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Re: Info on the DoS attacks.

  • From: Richard Steenbergen
  • Date: Thu Feb 10 15:57:10 2000

On Wed, Feb 09, 2000 at 10:15:46PM -0800, Sean Donelan wrote:
> 
> On Wed, 09 February 2000, Joe Shaw wrote:
> > I'd be worried if they didn't have theories or know about the known DDoS
> > attacks, but not if they didn't have specifics.  Tier1 NSP's seem to be
> > very tight lipped about these sorts of things when they are the 
> > victim.  I'm sure there are GC employees on this list, but none have come
> > forward to give any details.  Could be a gag order, which wouldn't shock
> > me at all.  Hopefully we'll know something eventually, but for now we're
> > all mushrooms when it comes to official information.
> 
> I guess the techies reduced to reading the New York Times for technical
> details.
> 
> Today's NYT has a description from GlobalCenter's PR person.  The Yahoo
> attack was a large number of ICMP EchoReplies(PINGs) coming via GlobalCenter's
> 50 peering connections (about half of GlobalCenter's total peering connections).
> Which may explain the "50" number I've been hearing.  The original ICMP EchoRequests listed Yahoo as the source address and were directed to other
> networks which replied to Yahoo.  GlobalCenter installed rate-limits, but
> didn't know if they are effective in preventing attacks.
> 
> Yahoo's spokesperson confirmed GlobalCenter's account.
> 
> (free NYT registration required)
> http://www.nytimes.com/library/tech/00/02/biztech/articles/10attack.html
> 
> Note: other people have sent me private mail saying it was actually a
> different method, but this appears to be the official statement out of
> GlobalCenter and Yahoo.

Also http://www.nytimes.com/library/tech/00/02/biztech/articles/10web.html

I believe it was a combination of smurfs in the 800-1200Mbps range and
SYN/ACK floods. Honestly I believe the big .COMs have done a fairly good
job of protecting their systems from SYN floods, within reasonable limits
of technology (its a CPU problem, someone puts 1000 p2 400s against your
e10k, you either buy more and bigger hardware or you find intelligent
ways to use less cpu to ditch the bad packets).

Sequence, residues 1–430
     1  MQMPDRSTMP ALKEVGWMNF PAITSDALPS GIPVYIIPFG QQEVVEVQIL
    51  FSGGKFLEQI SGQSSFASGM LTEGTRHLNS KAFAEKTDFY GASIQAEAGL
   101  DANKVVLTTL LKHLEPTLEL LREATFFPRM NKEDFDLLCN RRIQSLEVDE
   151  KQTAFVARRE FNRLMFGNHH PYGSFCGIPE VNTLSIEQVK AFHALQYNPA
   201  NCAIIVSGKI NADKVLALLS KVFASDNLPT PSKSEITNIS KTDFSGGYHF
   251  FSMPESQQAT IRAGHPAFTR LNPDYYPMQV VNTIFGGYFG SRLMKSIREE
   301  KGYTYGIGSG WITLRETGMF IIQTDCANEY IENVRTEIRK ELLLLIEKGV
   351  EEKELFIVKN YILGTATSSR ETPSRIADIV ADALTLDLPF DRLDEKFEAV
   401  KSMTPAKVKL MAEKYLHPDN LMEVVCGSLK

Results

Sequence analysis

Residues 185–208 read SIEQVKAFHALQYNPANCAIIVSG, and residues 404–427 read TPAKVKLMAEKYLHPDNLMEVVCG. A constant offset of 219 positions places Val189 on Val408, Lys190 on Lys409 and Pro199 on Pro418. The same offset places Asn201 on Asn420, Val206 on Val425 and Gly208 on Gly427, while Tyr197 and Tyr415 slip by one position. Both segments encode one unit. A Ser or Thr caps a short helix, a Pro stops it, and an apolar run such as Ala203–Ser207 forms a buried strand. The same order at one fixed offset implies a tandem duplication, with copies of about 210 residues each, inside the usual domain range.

I believe the smurf problem is being overlooked to some degree. If your
network has sufficient capacity the filters are almost trivial, even in
the range of multi-Gbps attacks. I suspect many people were caught
offguard and were not prepared to react quickly, even if they HAD the
ingress capacity (and for those networks with large ingress capacity but
not enough headroom on the backbone or customer attach point identifying a
supprise attack and getting critical borders protected could quite likely
be a bitch). Now obviously not everyone is going to have the capacity for
such, nor should they without a good reason. Thats one of the reasons the
people who can afford it and need burst capacity and reliable service get
connectivity from companies like AboveNet, Exodus, and GlobalCenter with
centralized points of huge capacity and the backbone and infastructure to
support it.

As for the syn floods... I think I have some intelligent ways to go about
filtering them down at the router level without disrupting normal traffic,
if I could get some cooperation from Cisco. I'm leery about releasing the
information publicly (or at least on a public mailing list which will be
archived and distributed for quite some time) because its something that
the attackers "can" change, but given the clue level we've seen so far I
don't think they have a prayer unless we walk right up and hand it to them
on a silver platter. Would someone in a position of clue from Cisco please
contact me privately about this, I've asked before but don't think anyone
has ever even looked at it, so I'm taking this request public.

-- 
Richard A. Steenbergen <ras@above.net>  http://users.quadrunner.com/humble
PGP Key ID: 0x60AB0AD1  (E5 35 10 1D DE 7D 8C A7  09 1C 80 8B AF B9 77 BB)
MFN / AboveNet Communications Inc - ISX Network Engineer, Vienna VA





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